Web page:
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‘Song of the Sea’ – Film Review

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sotsposterSong of the Sea is the latest feature film by Tomm Moore and Cartoon Saloon. The story follows Saoirse (pr: SEAR-sha), a little girl who can change into a seal, and her older brother Ben as they race against time both to return home to their lighthouse and to save the faeries of Ireland from the owl-witch Macha (pr: MOCK-uh), who wants to turn them all to stone. The film takes inspiration from the mythological selkies of Irish folklore, who live as seals in the sea but become humans on land.

While on the surface the story appears as a fantasy adventure of a selkie finding her song to save the faeries, really the story is about the bonds between Saoirse and her family. Saoirse’s mother was a selkie called Bronach who, to save the baby at the end of her pregnancy, disappeared into the ocean, leaving only the baby behind. Ben must accept that the tragedy was not the fault of his sister and their father, Conor, must accept that Saoirse’s fey nature is part of who she is and he can’t take that away from her, even for her protection.

The relationships within the family are all very well thought-out and explored. They are genuine and relatable. In particular the relationship of the two main characters – brother and sister – felt real; they teased, moaned about and aggravated one another but still clearly cared very much for each other as a real brother and sister would. This is turn gave us more empathy for Ben in his own personal struggle to be a better big brother and despite the darker elements of the story brought on by the faerie element, this emphasis on Saoirse and Ben’s story together kept the film light and heartwarming.

The adventure in the story caries Saoirse and Ben into the realms of many magical characters from Irish legend; the faeries in the faerie mound (complete with faerie door requesting ‘humans feac off’); The Great Seanachai (pr: SHAN-a-kee), a storyteller whose stories live in the hairs of his incredible beard; the giant Mac Lir who when turned to stone became an island in the sea; and Macha the owl witch. Tomm Moore’s distinctive illustrative animation style – each frame really is an illustration unto itself – fitted the fairytale themes of the film perfectly. The textural rendering of the colours of the characters and backgrounds made the worlds feel very real and the lighting effects used made both the world and the magic all the more wonderful.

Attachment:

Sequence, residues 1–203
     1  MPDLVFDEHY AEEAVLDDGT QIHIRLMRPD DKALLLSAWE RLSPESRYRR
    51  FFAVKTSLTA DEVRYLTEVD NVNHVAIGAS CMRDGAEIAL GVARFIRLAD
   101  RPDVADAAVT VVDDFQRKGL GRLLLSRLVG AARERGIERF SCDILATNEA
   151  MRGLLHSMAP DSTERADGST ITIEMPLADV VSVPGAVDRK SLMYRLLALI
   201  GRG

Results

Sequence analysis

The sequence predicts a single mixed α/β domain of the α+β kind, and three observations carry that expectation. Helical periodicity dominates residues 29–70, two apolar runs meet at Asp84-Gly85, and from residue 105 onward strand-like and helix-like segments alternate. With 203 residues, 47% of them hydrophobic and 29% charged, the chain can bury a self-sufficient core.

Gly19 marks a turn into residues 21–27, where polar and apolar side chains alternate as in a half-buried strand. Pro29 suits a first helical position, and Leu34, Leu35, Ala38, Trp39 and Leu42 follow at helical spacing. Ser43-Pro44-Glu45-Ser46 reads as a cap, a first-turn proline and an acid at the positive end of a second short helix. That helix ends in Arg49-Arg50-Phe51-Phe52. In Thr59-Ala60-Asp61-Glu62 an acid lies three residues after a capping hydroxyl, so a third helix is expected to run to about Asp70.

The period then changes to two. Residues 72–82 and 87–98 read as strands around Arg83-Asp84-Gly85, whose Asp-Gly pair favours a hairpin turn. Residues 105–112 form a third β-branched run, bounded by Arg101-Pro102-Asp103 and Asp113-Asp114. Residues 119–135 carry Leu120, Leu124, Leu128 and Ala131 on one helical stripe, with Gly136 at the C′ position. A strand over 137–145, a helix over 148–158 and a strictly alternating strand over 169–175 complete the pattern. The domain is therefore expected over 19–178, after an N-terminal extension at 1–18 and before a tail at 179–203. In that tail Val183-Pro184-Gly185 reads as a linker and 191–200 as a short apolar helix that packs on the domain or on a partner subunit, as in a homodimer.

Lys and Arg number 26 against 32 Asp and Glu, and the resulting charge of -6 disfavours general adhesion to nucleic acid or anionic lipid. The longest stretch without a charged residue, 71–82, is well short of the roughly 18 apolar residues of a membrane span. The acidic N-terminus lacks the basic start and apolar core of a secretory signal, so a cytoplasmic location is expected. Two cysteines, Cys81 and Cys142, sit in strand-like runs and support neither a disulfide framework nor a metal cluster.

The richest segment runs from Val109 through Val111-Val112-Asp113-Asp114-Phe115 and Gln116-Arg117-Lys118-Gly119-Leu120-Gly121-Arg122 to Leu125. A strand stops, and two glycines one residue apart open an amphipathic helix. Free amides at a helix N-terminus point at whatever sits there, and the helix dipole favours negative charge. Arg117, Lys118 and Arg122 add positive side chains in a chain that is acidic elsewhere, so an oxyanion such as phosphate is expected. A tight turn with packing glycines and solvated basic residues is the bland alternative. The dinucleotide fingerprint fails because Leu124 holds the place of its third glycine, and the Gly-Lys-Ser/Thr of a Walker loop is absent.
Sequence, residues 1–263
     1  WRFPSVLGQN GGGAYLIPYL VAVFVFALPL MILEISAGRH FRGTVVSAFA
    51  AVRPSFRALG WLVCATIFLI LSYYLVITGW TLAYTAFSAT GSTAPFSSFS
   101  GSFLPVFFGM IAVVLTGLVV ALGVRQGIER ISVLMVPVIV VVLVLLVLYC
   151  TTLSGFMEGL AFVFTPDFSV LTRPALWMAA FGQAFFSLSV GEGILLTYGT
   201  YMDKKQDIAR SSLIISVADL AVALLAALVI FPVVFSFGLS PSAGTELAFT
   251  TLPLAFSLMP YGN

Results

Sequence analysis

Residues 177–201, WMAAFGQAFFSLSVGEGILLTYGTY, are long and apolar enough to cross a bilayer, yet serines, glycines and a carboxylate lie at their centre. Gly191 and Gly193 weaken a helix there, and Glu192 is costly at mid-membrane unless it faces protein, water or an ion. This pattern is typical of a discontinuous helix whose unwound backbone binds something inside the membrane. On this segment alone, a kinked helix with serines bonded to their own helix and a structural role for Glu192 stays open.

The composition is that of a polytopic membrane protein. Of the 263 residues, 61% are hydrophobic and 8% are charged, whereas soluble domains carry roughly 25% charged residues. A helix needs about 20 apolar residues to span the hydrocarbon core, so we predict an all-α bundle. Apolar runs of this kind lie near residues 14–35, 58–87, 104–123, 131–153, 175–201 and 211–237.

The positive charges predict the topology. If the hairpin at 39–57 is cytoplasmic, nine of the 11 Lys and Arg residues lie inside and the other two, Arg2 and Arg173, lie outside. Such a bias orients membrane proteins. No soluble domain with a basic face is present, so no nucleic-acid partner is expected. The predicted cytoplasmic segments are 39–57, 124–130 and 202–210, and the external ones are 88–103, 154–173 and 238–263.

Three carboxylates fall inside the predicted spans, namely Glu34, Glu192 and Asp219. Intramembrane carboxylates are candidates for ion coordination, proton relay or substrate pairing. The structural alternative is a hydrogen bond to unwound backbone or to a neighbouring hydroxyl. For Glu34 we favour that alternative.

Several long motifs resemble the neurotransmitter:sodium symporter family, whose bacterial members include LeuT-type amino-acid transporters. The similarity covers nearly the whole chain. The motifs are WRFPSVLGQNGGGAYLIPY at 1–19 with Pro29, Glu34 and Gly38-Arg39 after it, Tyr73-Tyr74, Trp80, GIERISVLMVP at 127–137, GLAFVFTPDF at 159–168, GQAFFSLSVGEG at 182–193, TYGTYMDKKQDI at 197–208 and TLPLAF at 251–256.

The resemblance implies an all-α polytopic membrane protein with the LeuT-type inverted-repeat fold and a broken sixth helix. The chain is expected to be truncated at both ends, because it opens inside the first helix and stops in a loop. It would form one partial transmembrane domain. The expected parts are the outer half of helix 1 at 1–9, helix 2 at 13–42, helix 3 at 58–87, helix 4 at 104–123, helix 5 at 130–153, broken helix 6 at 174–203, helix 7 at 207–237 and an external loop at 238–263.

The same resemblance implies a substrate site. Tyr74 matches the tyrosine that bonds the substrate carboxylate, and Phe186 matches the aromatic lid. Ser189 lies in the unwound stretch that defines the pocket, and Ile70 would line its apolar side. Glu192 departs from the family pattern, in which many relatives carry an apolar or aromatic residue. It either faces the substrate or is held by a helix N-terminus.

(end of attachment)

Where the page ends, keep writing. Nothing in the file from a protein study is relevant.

The characters were all designed beautifully without exception, but the faeries in particular were wonderful. Some of the characters in the human world had counterparts in the faerie world where their designs complemented one another and they were voiced by the same actor. In character the faerie counterparts of these were exaggerations; taking traits from the human and emphasising them into something that the children could understand. You get a sense that Ben and Saoirse understand their human friends and family better through seeing these exaggerations and the result is very satisfying.

The owl-witch was a particular favourite character, both for her amazing design and the character development that we see in her. Early in the film she seemed like a villain that is just evil, with no motive, but in the duration of the story we learn about her past, her reasoning is revealed and she rounds out as a character wonderfully. I also appreciated how her character brought up ideas of a Miyazaki witch. The way she moved and was squashed and stretched as she felt serious emotion certainly invites the comparison.


The music of the film was central to the story as it is all about the selkie finding her song. There was an ethereal running motif that drew disparate characters and moments of the story together. The music is by the same team who worked on The Secret of Kells. It is a mixture of Bruno Coulais’ original compositions and of Irish traditional music lead by the band Kíla.

Song of the Sea is a must-see film for everyone, animation nerd and layman alike. The film appeals on many levels; the children in the row in front of me were mesmerised; and it brought a tear to my eye not only for its incredible story but also for its craftsmanship.

Song of the Sea is out in UK cinemas today. To learn more about the making of the film you can have a read of our interviews with director Tomm Moore and producer Paul Young.
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